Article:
The promo staff, busy beating the bushes, even appeared at a cable television employee gathering in Lancaster, and later at the Antelope Valley fairgrounds, to promote the station.

In June, 1989, three months after the station's birth, Arbitron listed Pirate Radio at #13 in Los Angeles. And the next book placed the Pirate in the top ten. By June of 1990, the Pirate was tied for #6. The L.A. Times sat up and took notice with an article on the station and its climb to the big time.

As the station continued its rise in the ratings, it trumpeted its success on the air every chance it got! Suddenly, and to no one's surprise, it hit Number 3! It was a proud moment for The Pirate!

(Note: according to an article in the L.A. Times on June 9, 1989, the Birch Radio Survey had already placed the Pirate at number 3 that month!)

Raul Moreno was doing weekends at KFAC in 1989, but the station was close to a format change and he needed some back up work. He was called by The Pirate on the day before its takeover of KIQQ. Raul was there at the infamous warehouse at 5:00 am on March 17, the day the mothership landed. The warehouse was across the street from Westwood One headquarters, the new owners of KIQQ, uh, KQLZ. After the station got rolling, Raul worked a few days a week with Scott Shannon and the Morning Show, monitoring other stations and answering the phones. He had an inside track since he had worked as Rick Dees' producer. Naturally, Scott wanted all the dirt on Rick. This led to all the many jokes about KIIS-FM. Once the Pirate got an actual promotion budget, Raul went out on Morning Show promotions with Mike Rawlins, aka "Russell the Love Monkey". Russell was an actor that wound up doing some work with the Pirate. Later, it was "The Big Watusi", Mark Mendoza, that hit the road with Raul on the promos. They drove the one and only promotion van, #13, although sometimes they used Simon T's 4Runner. Raul moved on from the Pirate in June, 1990.

On July 10, 1989, Mel Blanc passed away. That night, Archer Dusablon recorded a tribute to Mel in his home studio which aired four times on the morning show the following day. On July 12 at 3:30 am, Archer found a thank you note faxed from Blanc Communications in his inbox.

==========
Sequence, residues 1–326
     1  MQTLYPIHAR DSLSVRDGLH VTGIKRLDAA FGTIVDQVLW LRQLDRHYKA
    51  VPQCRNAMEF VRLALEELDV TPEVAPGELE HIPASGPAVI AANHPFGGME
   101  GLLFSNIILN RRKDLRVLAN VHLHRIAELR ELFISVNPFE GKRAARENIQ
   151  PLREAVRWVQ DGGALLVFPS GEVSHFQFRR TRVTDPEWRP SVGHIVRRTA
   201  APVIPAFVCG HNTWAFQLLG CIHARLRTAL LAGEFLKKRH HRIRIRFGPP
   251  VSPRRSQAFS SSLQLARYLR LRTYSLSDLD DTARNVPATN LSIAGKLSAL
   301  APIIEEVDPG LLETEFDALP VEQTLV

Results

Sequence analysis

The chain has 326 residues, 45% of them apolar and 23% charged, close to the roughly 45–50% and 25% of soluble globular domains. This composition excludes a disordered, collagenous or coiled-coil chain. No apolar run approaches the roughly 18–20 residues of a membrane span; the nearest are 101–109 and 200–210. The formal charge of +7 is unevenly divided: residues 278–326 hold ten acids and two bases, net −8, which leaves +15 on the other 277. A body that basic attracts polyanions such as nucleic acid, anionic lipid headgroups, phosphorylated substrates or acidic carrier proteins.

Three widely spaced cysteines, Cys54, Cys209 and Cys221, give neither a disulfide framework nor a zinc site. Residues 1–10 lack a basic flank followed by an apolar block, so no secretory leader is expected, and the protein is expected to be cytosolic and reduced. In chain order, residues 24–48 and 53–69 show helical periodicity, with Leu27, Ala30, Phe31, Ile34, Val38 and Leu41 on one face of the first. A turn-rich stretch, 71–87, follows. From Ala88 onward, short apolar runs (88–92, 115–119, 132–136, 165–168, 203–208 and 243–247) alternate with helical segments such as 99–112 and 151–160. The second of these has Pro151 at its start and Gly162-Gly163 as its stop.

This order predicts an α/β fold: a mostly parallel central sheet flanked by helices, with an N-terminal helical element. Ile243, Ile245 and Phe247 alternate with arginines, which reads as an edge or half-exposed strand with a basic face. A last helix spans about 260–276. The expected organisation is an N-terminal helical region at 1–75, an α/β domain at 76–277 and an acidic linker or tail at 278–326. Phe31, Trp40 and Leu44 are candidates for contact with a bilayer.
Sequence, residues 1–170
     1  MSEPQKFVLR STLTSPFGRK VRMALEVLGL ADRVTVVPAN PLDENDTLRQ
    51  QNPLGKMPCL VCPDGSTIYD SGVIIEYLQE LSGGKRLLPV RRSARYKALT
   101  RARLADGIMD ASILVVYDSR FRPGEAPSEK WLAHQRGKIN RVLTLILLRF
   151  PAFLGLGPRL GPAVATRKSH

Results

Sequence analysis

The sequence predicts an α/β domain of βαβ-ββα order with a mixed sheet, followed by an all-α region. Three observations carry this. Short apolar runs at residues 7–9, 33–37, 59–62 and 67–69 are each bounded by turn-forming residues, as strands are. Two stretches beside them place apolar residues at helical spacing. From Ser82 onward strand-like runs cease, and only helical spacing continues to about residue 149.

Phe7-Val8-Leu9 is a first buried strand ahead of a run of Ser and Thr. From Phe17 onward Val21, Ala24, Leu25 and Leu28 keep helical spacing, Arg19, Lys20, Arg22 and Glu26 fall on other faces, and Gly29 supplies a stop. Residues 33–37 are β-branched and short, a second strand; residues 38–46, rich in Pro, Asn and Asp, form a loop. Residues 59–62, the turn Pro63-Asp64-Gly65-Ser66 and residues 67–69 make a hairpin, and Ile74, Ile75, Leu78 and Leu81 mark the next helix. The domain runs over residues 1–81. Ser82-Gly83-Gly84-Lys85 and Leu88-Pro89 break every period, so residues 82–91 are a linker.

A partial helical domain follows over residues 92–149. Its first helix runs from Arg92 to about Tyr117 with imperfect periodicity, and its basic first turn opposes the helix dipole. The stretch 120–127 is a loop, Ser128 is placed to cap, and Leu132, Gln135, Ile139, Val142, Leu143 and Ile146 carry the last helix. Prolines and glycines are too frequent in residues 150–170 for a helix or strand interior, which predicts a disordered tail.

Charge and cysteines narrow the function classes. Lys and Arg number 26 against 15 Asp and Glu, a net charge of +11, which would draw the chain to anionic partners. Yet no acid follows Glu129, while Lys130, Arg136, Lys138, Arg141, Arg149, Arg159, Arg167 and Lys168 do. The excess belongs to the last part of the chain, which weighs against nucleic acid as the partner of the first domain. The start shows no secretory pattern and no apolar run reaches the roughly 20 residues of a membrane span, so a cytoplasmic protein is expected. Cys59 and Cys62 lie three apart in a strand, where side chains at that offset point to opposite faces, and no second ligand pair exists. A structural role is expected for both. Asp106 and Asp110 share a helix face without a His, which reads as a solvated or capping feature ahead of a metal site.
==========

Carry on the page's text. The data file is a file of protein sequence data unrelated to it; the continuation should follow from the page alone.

Sometime around January, 1990, the new Pirate billboards went up in L.A. They had the Pirate logo and a, well, not so great picture of Scott Shannon. From some focus groups, the station learned that hispanics refused to listen because they felt Scott looked like the devil! When Scott found out about it, he started playing with it on the air, and would announce "Pirate Radio 100.3 FM, the Pirate morning show with El Diablo!" Later, Scott had some shirts made up that said "I am NOT El Diablo!". Eventually, the billboards were replaced by the "Pirate Party Pig" billboards.

The first Pirate Radio birthday bash was at the Sagebrush Cantina in Calabasas, celebrating a year of success as Los Angeles' newest station! The station released a special shirt just for the occasion.

That first year, equipment and engineering was on a seriously crimped budget--but the promotional machine wasn't. The sound was good enough for Joe Listener, and the station flourished! Southern California had a hunger for a new sound, and the Pirate fed it!

The station added still more mystery by using a PO Box in Avalon out on Catalina Island as its mailing address!

Scott Shannon exaggerated a bit by telling listeners the station was a 200,000 watt blow torch. In fact, it was more like 5,100 watts out of the transmitter. No matter--Pirate SOUNDED the part! If Scott said 200,000, the listeners weren't going to argue!

Not one to miss out on raining their success on other parts of the country, the station went on satellite on the Westwood One transponder. Reports of DJs and other radio staff in other parts of the country being mesmerized (and sometimes losing track of what they were doing!) have filtered in over the years. The station gained some fame across the country with this satellite signal, becoming more than just a Southern California phenomena.

Pirate Radio USA was a syndicated show that went on that feed, and attracted listeners and DJs from around the country. Jamie Osborn was doing the show one evening when Ozzy Osbourne showed up. "One night while I was hosting Pirate Radio USA (The Nationally Syndicated Version). I went into the bathroom to take a piss. It was a single bathroom. As I was standing there, the door flew open and Ozzy walks in and stands right beside me and starts going as well. He let out a big sigh and exclaimed something to the effect that he'd had to (f-in') piss for an hour. He didn't know who I was. I just laughed and walked back into the studio. A few minutes later the show producer walks in with Ozzy and introduces us. Ozzy just smiled and said 'Oh ya, we've already shared a piss together.'"


History Page 1, 2, 3, 4

Airhead cartoon reprinted with permission of HITS MAGAZINE.
Thanks go out to Brian Wilson for turning us on to it.

ęCopyright 1999-2023 by Dennis Younker